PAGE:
Ming City Rockers originate from the industrial town of Immingham, on the east coast of northern England. The band have just…
Dischord To Release ‘Convent Crescent’ Album On Halloween
Dischord have announced that they will release their new album “Convent Crescent:Official Soundtrack” on Halloween. “Convent Crescent” is a story of love. It is also a story of death, rape, murder, demonic possession, sacrifice, addiction and loss because it’s written by the same damaged minds that brought you ‘The Wakes’, but ultimately it’s about love. “Convent Crescent:Official Soundtrack” will be released on 31st October on Lickerish Records and now available for pre-order. The standard edition contains the novel and the album, a limited edition bundle also comes with a T Shirt and a customised “Convent Crescent:Official Soundtrack” Cassette!
You can read a statement from Chris Dischord about the story behind the album below
In March 2018, Zowie and I released a short horror film, ‘Convent Crescent’. We knew it was only the beginning of a much longer story. What we didn’t realise at the time was that it was also the beginning of a new Dischord album.
In 2016 we released our third album, ‘War Or Peace’. It was our proudest achievement at the time; a concept album about war, death, love, forgiveness and, well, peace. The album’s final track, ‘Love’ became our favourite track to play live, and closed that album with our most important lyric: “They call me blind, but my name is peace. I am the silence when the guns have ceased.”
The problem with writing your best album is the subsequent question: what comes next? Fast forward to 2019 – imagine a Hellish time-jump montage of Brexit negotiations, Theresa May dancing to Abba, Boris Johnson shuffling into no. 10, Tommy Robinson covered in milkshake, Mosque attacks, John Lydon sporting his ‘Make America Great Again’, school shootings and Donald Trump mocking the disabled – a post-satirical dystopia seemingly designed by Quentin Blake and Spitting Image on a particularly bad day. Ample fodder, we were repeatedly told, for a political punk band.
But fodder for what, exactly? Evolution has always been integral to our writing process. We’ve never wanted to repeat ourselves. Ultimately, the point of ‘War or Peace’ was that war, political corruption, religious extremism, nationalism, terrorism and suffering are universal, self-perpetuating and doomed to continue indefinitely without drastic systemic upheaval… Despite the reign of leaders so grotesque as to be utterly immune to parody, nothing has changed. There is nothing to say we haven’t already said – and continue to say on stage every night. There are only so many punk songs you can write before they all begin to sound the same.
Having taken ‘punk’ as far as we could without repeating ourselves, we were faced with a dilemma: could we change our focus, push our style to the point where we risked no longer being ‘Dischord’? And, what the hell was ‘Dischord’ anyway? A band who played three minute fast, shouty songs, or four people pouring every ounce of their souls into their instruments?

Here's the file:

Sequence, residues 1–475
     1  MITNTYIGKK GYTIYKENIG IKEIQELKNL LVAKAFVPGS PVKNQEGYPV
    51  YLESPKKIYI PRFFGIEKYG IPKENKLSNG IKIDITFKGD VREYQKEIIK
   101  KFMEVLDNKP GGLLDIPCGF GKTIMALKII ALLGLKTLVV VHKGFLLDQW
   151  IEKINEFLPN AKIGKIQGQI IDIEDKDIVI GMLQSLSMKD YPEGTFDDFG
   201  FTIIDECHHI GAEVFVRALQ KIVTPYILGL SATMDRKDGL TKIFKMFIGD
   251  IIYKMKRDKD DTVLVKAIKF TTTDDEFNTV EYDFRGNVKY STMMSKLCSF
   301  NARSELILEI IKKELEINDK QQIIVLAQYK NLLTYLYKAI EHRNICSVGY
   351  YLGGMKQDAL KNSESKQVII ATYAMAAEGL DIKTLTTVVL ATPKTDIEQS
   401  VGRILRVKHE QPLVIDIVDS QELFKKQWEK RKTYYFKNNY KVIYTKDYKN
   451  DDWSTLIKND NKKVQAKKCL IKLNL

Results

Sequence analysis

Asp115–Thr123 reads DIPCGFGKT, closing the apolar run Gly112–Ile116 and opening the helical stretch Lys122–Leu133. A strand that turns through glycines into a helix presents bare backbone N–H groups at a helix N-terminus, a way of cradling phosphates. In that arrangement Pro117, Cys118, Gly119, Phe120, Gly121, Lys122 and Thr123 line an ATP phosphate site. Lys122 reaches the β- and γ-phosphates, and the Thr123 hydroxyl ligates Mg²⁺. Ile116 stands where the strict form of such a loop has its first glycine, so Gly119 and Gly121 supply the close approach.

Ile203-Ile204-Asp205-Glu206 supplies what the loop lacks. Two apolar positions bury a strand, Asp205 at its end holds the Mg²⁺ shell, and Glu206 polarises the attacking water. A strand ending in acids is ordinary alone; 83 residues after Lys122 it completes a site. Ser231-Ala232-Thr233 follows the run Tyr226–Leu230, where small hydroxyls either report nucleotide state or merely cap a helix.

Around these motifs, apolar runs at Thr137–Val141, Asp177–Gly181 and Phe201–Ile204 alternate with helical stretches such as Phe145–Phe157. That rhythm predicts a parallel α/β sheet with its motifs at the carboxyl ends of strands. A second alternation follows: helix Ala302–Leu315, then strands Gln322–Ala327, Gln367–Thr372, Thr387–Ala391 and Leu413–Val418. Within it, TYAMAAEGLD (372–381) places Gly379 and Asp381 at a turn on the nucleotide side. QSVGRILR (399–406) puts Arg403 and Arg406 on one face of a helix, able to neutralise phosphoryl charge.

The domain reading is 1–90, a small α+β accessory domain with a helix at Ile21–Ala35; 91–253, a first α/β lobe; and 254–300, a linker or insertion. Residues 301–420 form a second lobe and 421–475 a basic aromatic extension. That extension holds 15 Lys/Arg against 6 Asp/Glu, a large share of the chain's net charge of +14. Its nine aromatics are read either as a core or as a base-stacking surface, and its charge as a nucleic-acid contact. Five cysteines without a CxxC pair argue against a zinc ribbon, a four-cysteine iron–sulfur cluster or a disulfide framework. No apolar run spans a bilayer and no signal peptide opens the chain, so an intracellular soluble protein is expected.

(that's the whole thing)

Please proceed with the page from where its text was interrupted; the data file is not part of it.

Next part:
Should we split up? Start a new band? That would be too easy. Should we grit our teeth and write a hardcore album about ‘Brexit Britain’? That seemed about the least punk rock thing we could do. That’s what you’d expect from us.
Why not evolve? Why not take a risk? As strange as it sounds now, Seaside Suicide was a risk. Prior to that we had never played hardcore punk. We didn’t know we could do it. We didn’t know if people would connect with it if we did.
So we set ourselves a challenge. Many artists we admired – David Bowie, Marilyn Manson, The Beatles – reinvented themselves from album to album, using new personas to find fresh perspectives and create new sounds. If they could reinvent themselves with each record, why couldn’t reinvent ourselves with each song?
What if Dischord wrote the soundtrack to Convent Crescent?
Ten tracks performed by ten different ‘bands’, each one of them Dischord in disguise. It was the perfect opportunity to shake things up. For me to get back behind the drums, to let Jake demonstrate his abilities as a guitarist and – more importantly – a producer, to let Zowie take on lead vocals, for Dave to hang up the Gibson and break out the Spanish guitars, 12 strings and effects pedals, to open our studio doors to a variety of guest musicians.
So began the creation of one the most insidious concept albums ever written. A novel and its soundtrack written simultaneously, with songs for once not written to flow together, but written deliberately to jar, to contradict each other, whilst surreptitiously forming an elaborate concept – a narrative told in secret.
We’ve always said that the album was the ultimate artform, the perfect combination of music, film, art and poetry. We’re taking that to its extreme with this album: A record, a novel and a short film all in one, combining to tell a complete story.
‘War or Peace’ declared love to be the solution, and we thought that was a full stop, but now we’re exploring what that actually means. ‘Convent Crescent’ is a story of love. It is also a story of death, rape, murder, demonic possession, sacrifice, addiction and loss because it’s written by the same damaged minds that brought you ‘The Wakes’, but ultimately it’s about love.
For our last album, we designed a set of tarot cards, featuring characters representing the albums’ themes: The Soldier, Death, Love, War and The Devil. ‘Convent Crescent’ is their story, and if you think we’re not angry, you’re not paying attention.